If brown apple slices are getting you down, think twice before reaching for a box of baking soda to stop the discoloration. The results of soaking browning apples in a bowl of sodium bicarbonate are likely to disappoint. The reasons relate to the pH of the solution -- whether it's acid or alkaline.
Apple browning is caused by a chemical reaction known as enzymatic oxidation. When a cut apple comes in contact with the oxygen in air, polyphenol enzymes begin to break down. It is this enzyme breakdown that results in browning. This reaction may be a natural defense mechanism used by plants to guard against pest invasion when the fruit becomes blemished. Although this chemical reaction cannot be reversed, you can slow it down.
The chemical reaction that occurs when cut apples meet oxygen can be slowed by the introduction of an acid. Ascorbic acid and lemon juice are traditional additives to prevent apples browning. You can also use vinegar, but its taste is too strong for apples. These items have a low pH, which slows down the enzymatic reaction and reduces the rate of browning.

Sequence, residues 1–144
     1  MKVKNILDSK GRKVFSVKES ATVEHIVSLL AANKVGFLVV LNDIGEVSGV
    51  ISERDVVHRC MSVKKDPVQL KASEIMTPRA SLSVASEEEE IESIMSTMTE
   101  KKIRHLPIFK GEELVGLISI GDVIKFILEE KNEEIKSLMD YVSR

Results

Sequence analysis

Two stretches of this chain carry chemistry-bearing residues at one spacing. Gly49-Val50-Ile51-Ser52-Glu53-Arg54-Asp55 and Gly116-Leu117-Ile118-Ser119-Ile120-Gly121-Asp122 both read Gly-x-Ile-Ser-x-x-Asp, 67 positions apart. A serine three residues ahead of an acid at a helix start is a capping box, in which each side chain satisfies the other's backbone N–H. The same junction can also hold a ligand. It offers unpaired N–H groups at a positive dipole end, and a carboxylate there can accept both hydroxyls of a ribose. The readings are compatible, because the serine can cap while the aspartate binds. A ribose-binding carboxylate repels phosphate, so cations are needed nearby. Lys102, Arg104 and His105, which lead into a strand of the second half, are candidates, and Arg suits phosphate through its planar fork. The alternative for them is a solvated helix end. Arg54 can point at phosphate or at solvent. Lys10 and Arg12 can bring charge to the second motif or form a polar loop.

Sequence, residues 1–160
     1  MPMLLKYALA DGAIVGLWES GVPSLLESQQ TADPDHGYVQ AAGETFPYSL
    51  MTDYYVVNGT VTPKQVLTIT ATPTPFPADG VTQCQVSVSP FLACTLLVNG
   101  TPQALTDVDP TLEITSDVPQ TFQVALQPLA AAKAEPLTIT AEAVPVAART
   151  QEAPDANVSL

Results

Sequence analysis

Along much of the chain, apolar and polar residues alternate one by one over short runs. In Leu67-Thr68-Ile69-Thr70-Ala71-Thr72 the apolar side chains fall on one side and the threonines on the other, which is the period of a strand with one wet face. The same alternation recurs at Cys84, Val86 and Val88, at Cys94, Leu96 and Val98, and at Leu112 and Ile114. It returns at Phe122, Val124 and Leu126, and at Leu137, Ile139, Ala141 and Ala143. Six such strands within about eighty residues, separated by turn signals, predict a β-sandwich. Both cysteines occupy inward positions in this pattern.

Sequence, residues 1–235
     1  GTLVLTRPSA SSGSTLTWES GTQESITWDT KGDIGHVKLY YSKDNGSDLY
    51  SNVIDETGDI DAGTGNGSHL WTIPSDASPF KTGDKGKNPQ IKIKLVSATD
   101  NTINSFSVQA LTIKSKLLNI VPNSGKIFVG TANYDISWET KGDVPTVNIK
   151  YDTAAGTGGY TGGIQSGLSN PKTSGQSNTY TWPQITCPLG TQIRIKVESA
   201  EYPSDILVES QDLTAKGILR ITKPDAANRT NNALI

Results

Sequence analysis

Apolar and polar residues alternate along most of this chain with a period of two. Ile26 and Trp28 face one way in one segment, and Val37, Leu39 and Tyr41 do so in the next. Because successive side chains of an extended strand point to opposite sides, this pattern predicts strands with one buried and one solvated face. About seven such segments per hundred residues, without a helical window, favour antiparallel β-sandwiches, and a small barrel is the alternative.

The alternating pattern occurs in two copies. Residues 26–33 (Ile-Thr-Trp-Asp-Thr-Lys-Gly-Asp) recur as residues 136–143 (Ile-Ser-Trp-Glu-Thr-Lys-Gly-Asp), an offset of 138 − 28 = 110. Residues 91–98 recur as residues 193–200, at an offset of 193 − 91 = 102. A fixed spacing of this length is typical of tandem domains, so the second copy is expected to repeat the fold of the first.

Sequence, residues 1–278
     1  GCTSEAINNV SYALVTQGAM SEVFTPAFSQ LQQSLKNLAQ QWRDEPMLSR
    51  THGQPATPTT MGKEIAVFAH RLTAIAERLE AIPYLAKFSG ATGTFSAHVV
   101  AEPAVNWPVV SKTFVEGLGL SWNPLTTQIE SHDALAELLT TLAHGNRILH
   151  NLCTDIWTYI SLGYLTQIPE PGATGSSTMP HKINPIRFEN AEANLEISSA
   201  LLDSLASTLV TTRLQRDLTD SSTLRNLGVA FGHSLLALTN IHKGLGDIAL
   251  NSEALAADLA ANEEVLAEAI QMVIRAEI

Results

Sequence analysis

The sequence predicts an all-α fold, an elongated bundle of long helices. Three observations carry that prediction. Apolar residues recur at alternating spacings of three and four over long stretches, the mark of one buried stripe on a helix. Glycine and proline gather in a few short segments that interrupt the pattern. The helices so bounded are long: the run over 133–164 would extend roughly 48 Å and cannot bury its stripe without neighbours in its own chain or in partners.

Unlike acidic items, baking soda is alkaline -- it has a high pH -- making it ineffective for slowing the browning of apples. Exposing an apple to an alkaline item, like baking soda, speeds up the browning. This is because items with a high pH contain higher amounts of oxygen. The more oxygen there is to react with the polyphenol enzymes, the more browning you will see on the apples.
Stop the browning reaction in its tracks by dipping apple slices in a bowl of lemon, orange or apple juice before storing them in the fridge. Spritzing the slices with a small amount of ascorbic acid before refrigerating also works well. You can also buy commercial anti-browning products at the supermarket. After dousing the apple slices with the acid, place them in an airtight container, cutting off as much oxygen as possible.
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